Barely a decade ago, Infosys and Bangalore, called India’s Silicon Valley, were synonymous with each other. But in 2012, with SD Shibulal at the helm, the company plans to have more campuses in smaller cities as it is now easier to build operations and keep costs in check by fanning
“We clearly see that the tier-I cities are getting saturated and infrastructure is under pressure,” said Shibulal, chief executive officer and managing director, Infosys. “Our further expansion will be more in the tier-II cities. In fact, around 10 million square-feet area is already under construction across various cities.”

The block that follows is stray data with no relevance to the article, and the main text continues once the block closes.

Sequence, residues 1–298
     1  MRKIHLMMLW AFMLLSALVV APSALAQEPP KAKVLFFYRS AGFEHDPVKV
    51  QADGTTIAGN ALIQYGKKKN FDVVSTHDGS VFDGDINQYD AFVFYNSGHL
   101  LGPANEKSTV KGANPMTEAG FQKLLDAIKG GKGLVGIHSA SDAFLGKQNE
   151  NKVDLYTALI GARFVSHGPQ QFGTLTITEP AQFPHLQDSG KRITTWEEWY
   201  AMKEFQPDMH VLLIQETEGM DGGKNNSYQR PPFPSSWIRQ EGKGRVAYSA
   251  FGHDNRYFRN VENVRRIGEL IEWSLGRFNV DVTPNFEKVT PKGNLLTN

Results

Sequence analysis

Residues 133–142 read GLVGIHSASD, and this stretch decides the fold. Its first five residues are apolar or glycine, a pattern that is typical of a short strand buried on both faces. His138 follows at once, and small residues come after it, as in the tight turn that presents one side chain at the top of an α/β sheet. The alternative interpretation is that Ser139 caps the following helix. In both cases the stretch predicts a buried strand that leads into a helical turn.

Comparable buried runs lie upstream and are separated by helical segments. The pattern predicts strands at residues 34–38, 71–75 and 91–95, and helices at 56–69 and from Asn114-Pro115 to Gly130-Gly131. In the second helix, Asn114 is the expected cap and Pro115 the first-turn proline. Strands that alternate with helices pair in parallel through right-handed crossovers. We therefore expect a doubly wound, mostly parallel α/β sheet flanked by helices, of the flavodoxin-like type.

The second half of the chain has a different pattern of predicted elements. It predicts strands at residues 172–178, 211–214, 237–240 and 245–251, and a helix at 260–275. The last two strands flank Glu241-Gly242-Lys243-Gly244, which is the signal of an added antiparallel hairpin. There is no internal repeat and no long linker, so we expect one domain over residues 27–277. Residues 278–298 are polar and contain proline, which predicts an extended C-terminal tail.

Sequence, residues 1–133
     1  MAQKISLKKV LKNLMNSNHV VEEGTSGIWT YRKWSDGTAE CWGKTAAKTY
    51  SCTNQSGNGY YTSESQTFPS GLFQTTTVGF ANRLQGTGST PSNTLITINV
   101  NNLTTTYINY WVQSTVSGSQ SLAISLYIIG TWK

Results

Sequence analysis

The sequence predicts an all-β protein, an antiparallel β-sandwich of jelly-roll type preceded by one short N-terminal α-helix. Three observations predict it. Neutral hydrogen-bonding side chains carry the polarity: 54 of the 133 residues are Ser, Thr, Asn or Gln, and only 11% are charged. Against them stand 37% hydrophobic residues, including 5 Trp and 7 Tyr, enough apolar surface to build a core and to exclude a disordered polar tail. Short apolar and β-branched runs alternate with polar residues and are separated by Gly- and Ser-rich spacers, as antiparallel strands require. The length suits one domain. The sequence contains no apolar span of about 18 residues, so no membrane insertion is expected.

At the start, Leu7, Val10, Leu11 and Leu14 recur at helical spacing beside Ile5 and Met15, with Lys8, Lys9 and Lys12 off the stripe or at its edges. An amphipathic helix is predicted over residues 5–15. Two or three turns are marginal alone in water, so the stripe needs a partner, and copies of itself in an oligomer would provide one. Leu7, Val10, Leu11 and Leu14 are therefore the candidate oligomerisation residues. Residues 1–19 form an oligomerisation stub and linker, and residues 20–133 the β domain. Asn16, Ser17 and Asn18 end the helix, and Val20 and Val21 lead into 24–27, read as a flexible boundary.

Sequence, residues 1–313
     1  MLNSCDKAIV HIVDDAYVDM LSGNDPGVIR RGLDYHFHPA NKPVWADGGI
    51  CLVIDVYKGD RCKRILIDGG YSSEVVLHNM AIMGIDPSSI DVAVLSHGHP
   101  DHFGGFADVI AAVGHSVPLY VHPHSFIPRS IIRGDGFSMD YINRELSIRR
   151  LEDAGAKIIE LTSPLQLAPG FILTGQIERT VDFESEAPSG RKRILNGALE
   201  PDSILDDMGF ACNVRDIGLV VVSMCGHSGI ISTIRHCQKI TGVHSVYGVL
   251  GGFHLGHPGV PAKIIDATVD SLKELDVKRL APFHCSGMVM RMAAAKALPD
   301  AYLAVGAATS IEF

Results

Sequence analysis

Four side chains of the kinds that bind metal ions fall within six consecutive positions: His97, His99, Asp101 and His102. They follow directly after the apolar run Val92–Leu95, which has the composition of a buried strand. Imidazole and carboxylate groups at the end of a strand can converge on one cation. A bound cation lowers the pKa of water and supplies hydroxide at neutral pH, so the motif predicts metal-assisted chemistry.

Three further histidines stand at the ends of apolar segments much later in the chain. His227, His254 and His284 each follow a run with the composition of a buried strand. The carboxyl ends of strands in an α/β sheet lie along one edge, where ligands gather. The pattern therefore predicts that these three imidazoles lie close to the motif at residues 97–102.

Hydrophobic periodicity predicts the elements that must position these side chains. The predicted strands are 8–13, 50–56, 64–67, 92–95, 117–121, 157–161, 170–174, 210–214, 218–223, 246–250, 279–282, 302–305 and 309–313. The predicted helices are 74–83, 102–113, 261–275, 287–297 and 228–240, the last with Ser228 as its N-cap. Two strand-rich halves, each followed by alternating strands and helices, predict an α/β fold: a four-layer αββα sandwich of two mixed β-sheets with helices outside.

Cheaper availability of land, improved infrastructure, support from local governments and lower costs of living make running and operating a centre much easier in smaller cities. “There are many Indian cities that are fit for us to set up a campus,” said Shibulal.
He also said Infosys is in active talks with various state governments to acquire space. The company recently held talks with the Gujarat government for a centre at Ahmedabad.
A month ago, it acquired around 130 acres of land in Indore. In Kolkata, Infosys is already in talks with the government to set up a campus at Rajarhat.
The company is also expanding its existing small-city-campuses in Chandigarh, Thiruvananthapuram, Mangalore, Mysore and Pune.